The trip took about 11 hours from our house, mostly uneventful, other than I didn’t care too much for the cruise control.  It seemed to vary way too much from the set speed before it would kick in. Not a big deal, but I’m sure at some point I’ll run across a customer who will have a complaint about one of these models doing just that. Most people probably wouldn’t notice it, but if they did I don’t think there’s much I could do about it. 

We arrived at the hotel with plenty of spare time on our hands, which was our plan in the first place.  We have a daughter who lives in Boulder, which is not far away from the college, and we definitely wanted to spend some time with her,too.  In the meantime the plan was to get up the next morning and check out some of the local sights.  One in particular was Pikes Peak. 

As it wasn’t far from the hotel, it seemed like a pretty good way to spend the afternoon.  So, we headed to Pikes Peak with typical tourist interest and our fully loaded rental van.  As we got closer to the mountain range the roads began to twist and turn even more than before.  A few of them had some really blind turns and steep drop offs on the edges.  The only comment from the wife was, “Boy, that’s a long way down.”  Soon, we were at the large wood framed entrance to Pikes Peak.  The signs said there wasn’t any snow fall problems or issues that should concern anyone that wanted to drive to the top.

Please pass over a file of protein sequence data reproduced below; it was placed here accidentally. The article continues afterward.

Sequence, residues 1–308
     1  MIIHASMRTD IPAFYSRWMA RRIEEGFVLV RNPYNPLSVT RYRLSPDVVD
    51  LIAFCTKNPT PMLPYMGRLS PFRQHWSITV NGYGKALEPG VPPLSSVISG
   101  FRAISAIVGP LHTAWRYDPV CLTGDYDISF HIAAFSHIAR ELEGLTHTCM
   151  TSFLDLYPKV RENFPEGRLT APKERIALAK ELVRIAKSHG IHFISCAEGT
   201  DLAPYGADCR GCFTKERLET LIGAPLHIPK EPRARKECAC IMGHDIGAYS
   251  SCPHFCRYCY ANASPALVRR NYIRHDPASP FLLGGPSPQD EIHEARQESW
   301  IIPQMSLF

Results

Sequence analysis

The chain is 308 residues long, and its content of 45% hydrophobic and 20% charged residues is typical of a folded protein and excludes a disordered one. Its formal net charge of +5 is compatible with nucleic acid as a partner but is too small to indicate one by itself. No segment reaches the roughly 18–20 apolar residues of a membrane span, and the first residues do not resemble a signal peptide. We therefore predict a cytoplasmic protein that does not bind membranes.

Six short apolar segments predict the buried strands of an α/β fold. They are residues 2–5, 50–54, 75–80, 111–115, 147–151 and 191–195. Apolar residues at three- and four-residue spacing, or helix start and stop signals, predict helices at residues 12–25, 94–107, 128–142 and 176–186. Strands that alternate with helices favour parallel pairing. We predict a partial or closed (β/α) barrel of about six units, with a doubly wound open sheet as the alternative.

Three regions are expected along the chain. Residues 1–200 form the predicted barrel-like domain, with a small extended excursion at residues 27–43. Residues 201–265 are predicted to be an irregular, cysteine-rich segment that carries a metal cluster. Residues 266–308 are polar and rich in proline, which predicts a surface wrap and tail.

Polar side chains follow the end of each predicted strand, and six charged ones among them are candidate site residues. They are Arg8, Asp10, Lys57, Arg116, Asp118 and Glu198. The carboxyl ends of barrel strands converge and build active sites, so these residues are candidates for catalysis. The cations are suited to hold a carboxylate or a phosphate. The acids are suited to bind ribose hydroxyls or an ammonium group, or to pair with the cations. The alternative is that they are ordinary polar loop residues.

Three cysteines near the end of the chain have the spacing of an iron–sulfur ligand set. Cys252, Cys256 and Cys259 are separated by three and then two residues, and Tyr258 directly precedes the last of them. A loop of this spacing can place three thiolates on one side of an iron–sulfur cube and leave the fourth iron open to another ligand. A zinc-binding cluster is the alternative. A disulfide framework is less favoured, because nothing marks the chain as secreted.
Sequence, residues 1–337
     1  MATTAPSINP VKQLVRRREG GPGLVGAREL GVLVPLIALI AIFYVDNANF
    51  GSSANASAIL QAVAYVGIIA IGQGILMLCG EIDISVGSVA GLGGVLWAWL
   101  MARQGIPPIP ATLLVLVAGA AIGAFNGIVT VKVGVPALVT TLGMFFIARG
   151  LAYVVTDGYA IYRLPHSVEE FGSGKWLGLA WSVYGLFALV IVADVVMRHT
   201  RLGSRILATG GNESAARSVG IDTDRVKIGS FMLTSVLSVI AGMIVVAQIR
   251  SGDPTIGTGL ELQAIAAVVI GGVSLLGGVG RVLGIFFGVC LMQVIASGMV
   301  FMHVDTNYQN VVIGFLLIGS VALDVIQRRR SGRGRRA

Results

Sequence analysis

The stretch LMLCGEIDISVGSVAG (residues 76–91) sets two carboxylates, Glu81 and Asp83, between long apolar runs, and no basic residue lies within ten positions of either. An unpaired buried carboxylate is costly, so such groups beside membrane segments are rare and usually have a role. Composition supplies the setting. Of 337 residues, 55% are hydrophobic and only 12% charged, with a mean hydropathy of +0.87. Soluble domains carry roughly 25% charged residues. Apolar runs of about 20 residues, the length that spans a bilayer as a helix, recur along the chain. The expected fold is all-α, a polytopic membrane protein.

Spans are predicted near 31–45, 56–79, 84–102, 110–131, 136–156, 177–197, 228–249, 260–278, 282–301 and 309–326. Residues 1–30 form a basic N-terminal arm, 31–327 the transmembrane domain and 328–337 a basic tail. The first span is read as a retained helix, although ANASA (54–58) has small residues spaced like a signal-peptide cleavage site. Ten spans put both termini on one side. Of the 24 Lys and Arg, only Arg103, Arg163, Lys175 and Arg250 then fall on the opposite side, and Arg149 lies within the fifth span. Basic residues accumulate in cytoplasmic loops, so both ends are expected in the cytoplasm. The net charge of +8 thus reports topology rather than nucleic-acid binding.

The park ranger gave us some information about the two to three hour drive we were about to undertake, and about the many switch back roads and very tight turns.  It all sounded like a casual drive into the mountains to me.  Thus, our journey began.  At first it was just a winding roadway with a gradual slope, but that was all about to change.  The ranger did remind me to keep it in 2nd or 1st gear most of the way, and before long I found out why. The road became even more twisting and steeper than I thought was even possible to get an asphalt paver to negotiate.  Most of the switch backs changed grade right in the center of the curve, and there are hardly any guard rails on most of the steep drop offs.  The edge of the road just disappears down steep canyon walls.  I’m not too sure the engineers of this rental ever thought of using Pikes Peak as part of their testing, but onward and upward we went.